Additionally, insulated damper options help reduce heat loss through the air intake opening and prevent condensation or frost buildup inside the damper are available.

Stationary Louver (Model ESD-635) and Insulated Thermally Broken Damper (Model ICD-45)
 Figure 4 -- Stationary Louver (Model ESD-635) and Insulated Thermally Broken Damper (Model ICD-45)


Many options exist when selecting roof exhaust fans. Common fan options include axial upblast, hooded axial exhaust fans and spun aluminum centrifugal exhaust fans.


Axial Upblast Fans
Axial upblast fans (Figure 5) are the most cost-effective solution for summer ventilation in large warehouses. These fans also are the most efficient for the large airflow capacities of 30,000 – 60,000 cfm, commonly seen in warehouse summer ventilation systems. No field assembly simplifies installation. Integral butterfly dampers prevent unwanted air from entering the building when the system is disabled in the winter. A disadvantage of axial upblast fans, however, is serviceability because some components are difficult to access from the roof.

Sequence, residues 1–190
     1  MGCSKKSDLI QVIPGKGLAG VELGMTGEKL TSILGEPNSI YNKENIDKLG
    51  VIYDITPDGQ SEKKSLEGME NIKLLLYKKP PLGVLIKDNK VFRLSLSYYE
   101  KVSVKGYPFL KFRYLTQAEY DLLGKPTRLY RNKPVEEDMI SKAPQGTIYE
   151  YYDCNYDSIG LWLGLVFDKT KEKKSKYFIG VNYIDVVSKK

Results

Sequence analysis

Figure 5 -- Axial Upblast Exhaust Fans (Model RBUMO)


Hooded Axial Exhaust Fans

Hooded axial exhaust fans (Figure 6) have similar performance to axial upblast fans but tend to be more expensive, and large sizes require the hoods to be field assembled. Additionally, installing a separate backdraft damper prevents unconditioned air from entering the building when the system is disabled in the winter. One key advantage the hooded design provides is additional protection against wind and rain. Hooded axial exhaust fans are also generally easier to service because belts, pulleys, motors, and bearings can all be accessed from the roof.